Tag: Brad Marchand

Screenshot from Sportsnet telecast

Not good: Brad Marchand suffered a concussion


Tough news for a Boston Bruins team dealing with a tough start: Brad Marchand has a concussion.

That’s the word from head coach Claude Julien, so it’s a sure thing.

Now, there was no word about how severe the issue may be, but it’s officially a concussion. It’s not the ideal scenario even if it’s a “minor concussion,” which feels like a contradictory idea in itself.

Here’s the Dale Weise hit from last night’s eventual 4-2 win by the Montreal Canadiens:

It’s not official like Marchand’s concussion, but there may be a bit of good news. Maybe.

Matt Irwin was placed on waivers Sunday, which may indicate that Zdeno Chara is ready to play again.

That would be a much-needed boost.

CSNNE.com has more.

Marchand rehabbing from offseason elbow surgery

Brad Marchand

Brad Marchand won’t be playing through an elbow injury in 2015-16 like he was last season, but before he can move past it he needs to complete his rehab process. Fortunately he’s upbeat about his recovery from his offseason surgery.

“It just started feeling better around the start of August,” Marchand told NHL.com. “So it was tough. I couldn’t do a whole lot of upper-body workouts for the first three months off. The last month has been good though. It’s come around and it’s feeling pretty good. But I’m still in the rehab process. So I’m trying to get my strength back up.”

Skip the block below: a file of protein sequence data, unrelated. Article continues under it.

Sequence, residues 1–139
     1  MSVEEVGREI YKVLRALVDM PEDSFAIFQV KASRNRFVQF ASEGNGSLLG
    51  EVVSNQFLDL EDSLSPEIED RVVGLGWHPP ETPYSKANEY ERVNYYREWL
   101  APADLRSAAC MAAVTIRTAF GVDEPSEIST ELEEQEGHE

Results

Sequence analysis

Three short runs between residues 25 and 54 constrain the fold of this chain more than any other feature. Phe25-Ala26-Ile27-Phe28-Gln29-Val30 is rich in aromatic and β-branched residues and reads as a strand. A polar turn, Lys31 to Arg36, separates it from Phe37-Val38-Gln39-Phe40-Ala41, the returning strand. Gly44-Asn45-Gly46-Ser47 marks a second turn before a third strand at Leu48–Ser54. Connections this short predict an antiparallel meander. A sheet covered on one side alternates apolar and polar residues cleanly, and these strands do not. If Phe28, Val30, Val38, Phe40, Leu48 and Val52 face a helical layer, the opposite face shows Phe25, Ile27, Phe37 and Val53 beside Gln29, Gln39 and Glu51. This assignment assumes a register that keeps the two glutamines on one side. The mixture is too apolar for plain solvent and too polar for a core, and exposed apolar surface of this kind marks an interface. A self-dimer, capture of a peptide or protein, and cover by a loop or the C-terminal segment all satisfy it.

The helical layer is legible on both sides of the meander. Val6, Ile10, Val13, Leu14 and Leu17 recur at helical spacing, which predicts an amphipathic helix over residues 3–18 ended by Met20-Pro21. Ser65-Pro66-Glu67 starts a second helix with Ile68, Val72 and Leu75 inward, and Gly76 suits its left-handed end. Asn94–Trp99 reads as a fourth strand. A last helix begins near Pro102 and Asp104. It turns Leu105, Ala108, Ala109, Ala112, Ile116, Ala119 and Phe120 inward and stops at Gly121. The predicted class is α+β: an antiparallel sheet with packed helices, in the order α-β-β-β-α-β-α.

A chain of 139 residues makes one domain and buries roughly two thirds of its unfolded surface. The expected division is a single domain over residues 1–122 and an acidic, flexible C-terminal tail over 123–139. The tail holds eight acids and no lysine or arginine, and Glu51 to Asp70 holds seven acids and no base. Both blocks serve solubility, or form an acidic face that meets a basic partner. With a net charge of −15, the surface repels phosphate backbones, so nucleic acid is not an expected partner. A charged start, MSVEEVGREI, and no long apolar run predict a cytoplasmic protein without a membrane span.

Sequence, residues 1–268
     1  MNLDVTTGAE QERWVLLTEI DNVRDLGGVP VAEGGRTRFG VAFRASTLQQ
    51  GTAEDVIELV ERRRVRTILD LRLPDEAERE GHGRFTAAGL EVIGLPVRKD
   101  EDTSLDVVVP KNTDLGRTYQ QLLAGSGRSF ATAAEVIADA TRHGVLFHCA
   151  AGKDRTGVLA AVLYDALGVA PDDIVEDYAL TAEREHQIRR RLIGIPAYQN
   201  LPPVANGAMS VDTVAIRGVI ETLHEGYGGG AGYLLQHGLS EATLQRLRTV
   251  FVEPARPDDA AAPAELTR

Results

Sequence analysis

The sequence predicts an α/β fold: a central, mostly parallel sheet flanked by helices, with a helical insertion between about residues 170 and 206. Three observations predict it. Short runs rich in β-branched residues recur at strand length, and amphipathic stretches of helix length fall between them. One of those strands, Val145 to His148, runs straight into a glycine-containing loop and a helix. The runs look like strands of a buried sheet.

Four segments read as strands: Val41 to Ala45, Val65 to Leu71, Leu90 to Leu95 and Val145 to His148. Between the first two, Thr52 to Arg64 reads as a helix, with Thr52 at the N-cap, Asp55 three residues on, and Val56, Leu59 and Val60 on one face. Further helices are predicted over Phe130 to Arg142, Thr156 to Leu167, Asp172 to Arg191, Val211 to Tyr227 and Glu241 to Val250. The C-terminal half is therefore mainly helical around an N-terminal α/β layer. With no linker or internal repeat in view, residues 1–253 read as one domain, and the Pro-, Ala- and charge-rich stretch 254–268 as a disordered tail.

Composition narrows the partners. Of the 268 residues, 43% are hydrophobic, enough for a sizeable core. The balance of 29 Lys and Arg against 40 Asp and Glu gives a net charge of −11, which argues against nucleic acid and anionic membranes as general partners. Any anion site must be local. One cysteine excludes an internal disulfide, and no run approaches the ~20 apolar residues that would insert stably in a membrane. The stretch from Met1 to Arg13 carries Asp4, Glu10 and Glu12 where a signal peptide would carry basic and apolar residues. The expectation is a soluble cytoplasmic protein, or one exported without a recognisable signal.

He believes he’ll complete that process in time for the start of training camp.

This recovery has impacted his summer workout schedule as he was confined to a cast for six weeks and then spent an additional three or four weeks in a splint. Over that stretch he wasn’t able to engage in any weight training.

The trade off though is that, ideally, he’ll be pain free this season, which is in stark contrast to the 2014-15 campaign. There were times last season where he wasn’t able to hold a stick and the injury impacted his ability to shoot the puck. He was originally hurt during the 2014 playoffs so while there were days that were better than others, it meant that he spent the whole campaign playing injured.

Despite that, Marchand participated in 77 contests, chipping in 24 goals and 42 points. Excluding his 20-game stint in 2009-10 though, his 13.3 shooting percentage last season was the worst of his career.

Under Pressure: Claude Julien

Claude Julien

Unlike Peter Chiarelli, head coach Claude Julien got to keep his job after the Boston Bruins missed the playoffs in 2014-15.

But retaining Julien was no slam-dunk decision for new GM Don Sweeney. First, the two men had to make sure they were on the same page, philosophically speaking.

Turns out, both were.